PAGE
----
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Book: Exploring Shinto

Chapter: 2. Essentialism in Early Shinto Studies

DOI: 10.1558/equinox.39482


In earlier years Western ideas on Shinto were strongly influenced by “nativist” (kokugaku) ideas on the subject emanating from Japan and hence tended to showcase a very “essentialist” view of Shintō. This paper critiques various Western writers whose writings were typical of this approach. However the paper also explores how this attitude had a reverse influence on pre-war Japanese thinkers. This was especially the case with Hiraizumi Kiyoshi, a scholar who became a major figure in the production of the extreme imperialist ideology of the early Shōwa period. He was also a major source for discourses comparing the Japanese spirit to Nazi ideals, which were created mostly by contemporary German scholars. The origins of this process can be seen in Hiraizumi’s sojourns in Europe, especially in France, Germany and England, from 1930 to 1931.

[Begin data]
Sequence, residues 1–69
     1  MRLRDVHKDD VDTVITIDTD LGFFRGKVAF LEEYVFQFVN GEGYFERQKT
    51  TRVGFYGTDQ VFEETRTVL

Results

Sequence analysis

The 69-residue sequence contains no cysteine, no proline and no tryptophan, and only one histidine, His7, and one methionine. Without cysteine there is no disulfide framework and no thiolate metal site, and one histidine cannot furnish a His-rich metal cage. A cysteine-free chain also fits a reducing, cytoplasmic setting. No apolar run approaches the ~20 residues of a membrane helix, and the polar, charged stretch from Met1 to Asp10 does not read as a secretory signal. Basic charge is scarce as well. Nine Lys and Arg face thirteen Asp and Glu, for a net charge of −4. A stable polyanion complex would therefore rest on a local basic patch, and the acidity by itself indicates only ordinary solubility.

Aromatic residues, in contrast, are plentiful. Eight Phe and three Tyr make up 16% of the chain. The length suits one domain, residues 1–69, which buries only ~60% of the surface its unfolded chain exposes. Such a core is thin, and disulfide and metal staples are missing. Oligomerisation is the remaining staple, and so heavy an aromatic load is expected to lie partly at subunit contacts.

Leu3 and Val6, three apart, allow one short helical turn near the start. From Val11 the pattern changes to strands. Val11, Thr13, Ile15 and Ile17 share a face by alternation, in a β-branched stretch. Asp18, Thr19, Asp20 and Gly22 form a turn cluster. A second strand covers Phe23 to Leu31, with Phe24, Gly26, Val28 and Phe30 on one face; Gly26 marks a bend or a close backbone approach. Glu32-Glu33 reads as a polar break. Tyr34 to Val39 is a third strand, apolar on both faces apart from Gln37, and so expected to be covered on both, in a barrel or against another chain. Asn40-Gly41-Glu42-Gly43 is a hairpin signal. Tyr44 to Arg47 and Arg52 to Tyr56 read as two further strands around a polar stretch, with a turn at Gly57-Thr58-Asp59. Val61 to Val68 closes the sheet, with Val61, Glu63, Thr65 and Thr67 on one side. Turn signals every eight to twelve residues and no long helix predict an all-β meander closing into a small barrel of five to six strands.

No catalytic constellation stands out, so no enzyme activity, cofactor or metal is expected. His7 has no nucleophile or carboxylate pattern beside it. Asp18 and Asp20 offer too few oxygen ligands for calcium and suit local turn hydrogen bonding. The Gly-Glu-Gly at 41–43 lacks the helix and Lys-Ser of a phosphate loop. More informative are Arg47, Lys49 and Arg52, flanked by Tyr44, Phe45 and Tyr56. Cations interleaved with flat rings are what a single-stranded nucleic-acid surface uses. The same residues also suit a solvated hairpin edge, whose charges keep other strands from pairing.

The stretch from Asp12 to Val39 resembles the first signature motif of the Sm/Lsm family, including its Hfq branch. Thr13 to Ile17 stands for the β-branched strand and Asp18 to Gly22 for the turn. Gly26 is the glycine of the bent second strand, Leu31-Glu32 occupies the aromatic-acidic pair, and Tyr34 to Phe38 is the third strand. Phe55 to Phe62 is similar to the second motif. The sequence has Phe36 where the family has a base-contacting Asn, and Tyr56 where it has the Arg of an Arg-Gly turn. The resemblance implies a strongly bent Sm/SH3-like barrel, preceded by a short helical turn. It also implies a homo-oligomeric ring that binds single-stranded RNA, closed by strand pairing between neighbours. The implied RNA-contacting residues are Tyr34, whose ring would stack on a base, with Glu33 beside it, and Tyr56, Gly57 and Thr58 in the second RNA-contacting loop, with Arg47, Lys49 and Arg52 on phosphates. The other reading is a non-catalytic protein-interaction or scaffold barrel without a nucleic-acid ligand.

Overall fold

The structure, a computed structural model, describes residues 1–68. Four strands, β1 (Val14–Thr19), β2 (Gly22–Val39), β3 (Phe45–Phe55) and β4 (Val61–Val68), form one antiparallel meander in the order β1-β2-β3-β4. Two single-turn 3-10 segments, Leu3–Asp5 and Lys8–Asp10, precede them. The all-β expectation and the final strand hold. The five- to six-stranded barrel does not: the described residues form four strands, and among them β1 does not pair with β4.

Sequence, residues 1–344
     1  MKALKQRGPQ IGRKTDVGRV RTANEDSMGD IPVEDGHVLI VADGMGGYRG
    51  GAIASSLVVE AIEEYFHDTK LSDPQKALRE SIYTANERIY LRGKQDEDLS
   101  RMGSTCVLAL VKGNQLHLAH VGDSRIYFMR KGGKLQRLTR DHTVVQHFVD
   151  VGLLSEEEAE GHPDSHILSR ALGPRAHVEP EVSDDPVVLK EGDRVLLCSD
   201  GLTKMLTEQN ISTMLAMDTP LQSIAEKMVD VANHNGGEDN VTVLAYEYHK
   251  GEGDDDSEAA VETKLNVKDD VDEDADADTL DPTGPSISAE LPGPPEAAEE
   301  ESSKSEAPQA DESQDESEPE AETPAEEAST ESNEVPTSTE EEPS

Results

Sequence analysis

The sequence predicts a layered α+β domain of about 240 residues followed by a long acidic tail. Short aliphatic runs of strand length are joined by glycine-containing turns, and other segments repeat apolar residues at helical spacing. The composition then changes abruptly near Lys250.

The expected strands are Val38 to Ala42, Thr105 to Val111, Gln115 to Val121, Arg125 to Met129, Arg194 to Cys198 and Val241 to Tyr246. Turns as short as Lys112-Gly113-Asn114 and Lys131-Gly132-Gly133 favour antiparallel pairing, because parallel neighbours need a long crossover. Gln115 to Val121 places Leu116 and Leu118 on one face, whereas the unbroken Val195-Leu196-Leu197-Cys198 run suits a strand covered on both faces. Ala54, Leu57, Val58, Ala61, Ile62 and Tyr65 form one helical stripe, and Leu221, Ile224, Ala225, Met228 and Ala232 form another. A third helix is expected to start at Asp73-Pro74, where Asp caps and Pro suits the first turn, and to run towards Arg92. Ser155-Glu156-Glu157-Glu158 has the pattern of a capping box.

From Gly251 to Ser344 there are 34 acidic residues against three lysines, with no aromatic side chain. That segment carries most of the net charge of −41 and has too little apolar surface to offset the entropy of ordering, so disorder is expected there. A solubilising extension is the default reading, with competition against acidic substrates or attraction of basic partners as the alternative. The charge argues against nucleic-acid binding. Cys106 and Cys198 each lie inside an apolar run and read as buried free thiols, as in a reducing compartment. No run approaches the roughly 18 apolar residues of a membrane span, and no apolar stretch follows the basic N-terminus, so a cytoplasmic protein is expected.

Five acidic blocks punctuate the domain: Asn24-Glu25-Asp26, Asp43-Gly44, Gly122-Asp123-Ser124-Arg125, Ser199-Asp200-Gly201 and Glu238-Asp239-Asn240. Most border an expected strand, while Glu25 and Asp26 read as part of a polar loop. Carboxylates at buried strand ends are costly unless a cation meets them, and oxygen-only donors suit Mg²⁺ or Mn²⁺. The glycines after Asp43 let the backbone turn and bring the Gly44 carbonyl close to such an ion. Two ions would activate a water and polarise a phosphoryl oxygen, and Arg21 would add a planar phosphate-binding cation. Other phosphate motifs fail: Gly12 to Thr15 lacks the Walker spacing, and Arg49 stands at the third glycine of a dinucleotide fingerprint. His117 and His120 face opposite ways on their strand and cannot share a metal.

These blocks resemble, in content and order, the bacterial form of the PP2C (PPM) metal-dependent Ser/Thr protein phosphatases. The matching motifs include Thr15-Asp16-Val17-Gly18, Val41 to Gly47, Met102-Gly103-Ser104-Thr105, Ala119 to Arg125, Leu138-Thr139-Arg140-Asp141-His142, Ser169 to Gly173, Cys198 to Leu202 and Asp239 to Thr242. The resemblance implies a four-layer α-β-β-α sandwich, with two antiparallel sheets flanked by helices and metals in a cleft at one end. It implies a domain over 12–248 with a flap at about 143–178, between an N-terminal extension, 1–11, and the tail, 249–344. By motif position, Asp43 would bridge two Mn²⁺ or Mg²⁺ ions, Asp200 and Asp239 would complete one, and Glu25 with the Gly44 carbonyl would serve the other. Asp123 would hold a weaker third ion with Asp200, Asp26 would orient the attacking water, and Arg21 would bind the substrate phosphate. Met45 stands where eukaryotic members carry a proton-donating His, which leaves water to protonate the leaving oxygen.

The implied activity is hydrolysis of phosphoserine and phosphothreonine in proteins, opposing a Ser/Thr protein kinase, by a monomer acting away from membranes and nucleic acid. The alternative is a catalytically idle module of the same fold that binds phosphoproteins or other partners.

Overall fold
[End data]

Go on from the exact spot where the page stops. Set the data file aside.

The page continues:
Chapter Contributors

  • Gaétan Rappo ( - grappo) 'Nagoya University'